How to host web site / email on 2 different servers

I've recently started renting a dedicated server, and have a client who we have developed a new web site for.

The new site will be hosted on our dedicated server, but the client wishes to maintain control of their email because they have a dedicated email server within their premises.  The smtp functionality in IIS hasn't been activated because so far its not been needed.

Can anyone explain how I create this configuration??  My server control panel lets me create MX records etc for domains, but it says an MX record cannot be an IP address, which is how I thought it would work.  How is this usually done when a dedicated email server exists?  I've never done this so don't know.  Am I correct in thinking that ALL email for this domain would come through my server then redirect to their email server?

Please note that they do not have a seperate subdomain for email; all emails go to user@theirdomain.co.uk
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RouchieAsked:
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edster9999Connect With a Mentor Commented:
You have two servers.  One in your location (or host area) and one in the costomers.

You need to give them DNS names and assign these in the DNS server to the IP addresses so lets call them

www.example.com
and
mail.example.com

set them up with the correct IP addresses

www.example.com = 80.10.10.10
mail.example.com = 90.34.34.34

Now add a mx record to point to mail.example.com

Now incoming web requests will go to the web server and incoming mail goes to the other server with the customer.

Job done.
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Frosty555Commented:
If you want to use MX records, your dedicated email server will need to have it's own domain name. That way the MX record for theirdomain.co.uk can forward to theiremaildomain.co.uk.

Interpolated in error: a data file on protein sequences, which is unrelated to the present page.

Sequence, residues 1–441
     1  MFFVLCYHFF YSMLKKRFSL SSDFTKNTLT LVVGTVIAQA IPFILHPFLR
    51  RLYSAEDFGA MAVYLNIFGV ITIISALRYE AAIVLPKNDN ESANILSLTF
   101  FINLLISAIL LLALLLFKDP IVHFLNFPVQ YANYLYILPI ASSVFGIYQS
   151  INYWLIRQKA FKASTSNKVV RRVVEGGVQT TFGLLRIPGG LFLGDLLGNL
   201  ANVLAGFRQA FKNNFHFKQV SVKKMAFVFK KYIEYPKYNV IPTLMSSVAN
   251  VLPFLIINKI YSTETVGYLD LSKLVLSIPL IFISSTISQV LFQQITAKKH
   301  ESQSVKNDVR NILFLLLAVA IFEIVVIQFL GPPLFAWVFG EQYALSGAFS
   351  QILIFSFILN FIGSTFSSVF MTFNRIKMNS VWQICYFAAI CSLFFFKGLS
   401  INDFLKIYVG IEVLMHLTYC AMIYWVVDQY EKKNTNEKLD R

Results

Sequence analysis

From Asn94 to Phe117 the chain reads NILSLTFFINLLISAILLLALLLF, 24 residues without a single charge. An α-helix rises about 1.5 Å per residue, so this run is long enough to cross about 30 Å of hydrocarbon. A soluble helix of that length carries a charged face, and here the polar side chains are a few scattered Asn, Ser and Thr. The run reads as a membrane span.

Alternatively, your DNS that controls theirdomain.co.uk needs to be configured so that it forwards port 25/110/143 for smtp/pop/imap to one place (the email server's IP), and other ports to your web server's IP. Not sure if that kind of functionality is available to you. It depends on your DNS provider.
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Frosty555Connect With a Mentor Commented:
Using an IP address for the MX record is doable, but typically not allowed. That's the case for you.

According to wikipedia:

"The host name contained in an MX record must have an address, i.e. an A or AAAA DNS record."

...

"It is also impermissible to use an IP address directly in an MX record[2]; while some mailservers will send mail to domains with IP-based MX records, many (most notably Exim) will refuse to do so."
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RouchieAuthor Commented:
Hi everyone

Thanks for your rapid responses.  Its a bit of learning exercise for me so sorry for my ignorance...!


>> Using an IP address for the MX record is doable, but typically not allowed. That's the case for you.

Yes I defintely can't do this according to my host.


>> Now add a mx record to point to mail.example.com

So this seems to get around the problem above....  
Am I correct in thinking that if I do this, then email must be addressed to  someuser@mail.theirdomain.co.uk , with the subdomain in the email address?  


>> Alternatively, your DNS that controls theirdomain.co.uk needs to be configured
>> so that it forwards port 25/110/143 for smtp/pop/imap to one place

I can't see any options for port forwarding, so presume this isn't possible.
Alternatively, there is an option that says "Create a New SPF Record".  This contains tons of options that I've attached to a text file.  Does this look like it might be useful in this situation??


Currently my client manages their DNS settings, so I thought it might just be easier for them to set up forwarding of WWW.theirdomain requests to my server's IP address, so that all the other stuff is dealt on their server.  I still need to understand what's happening though in case their IT people want help with the configuration.
SPF.txt
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edster9999Connect With a Mentor Commented:
No - you are setting up an mx record on the domain example.com and telling it where to deliver mail (mail.example.com)

so if I email fred.blogs@example.com it will be dropped off at that server
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edster9999Commented:
You *really* do not want to go with port forwarding.  This is a method used when people are playing with systems on their home dsl not for companies.

SPF = a file to cut down on spam.  If people check it when they receive mail from this host then it tells them where the mail can come from.  You would list the IP addresses of offices and home locations.
If the ip looks right it would be accepted.  If it comes from a little ISP in Russia it would be rejected.

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RouchieAuthor Commented:
Thank you both for your excellent responses.  

I'm going to close this question now and I'll reopen another if I get any more queries directed my way.

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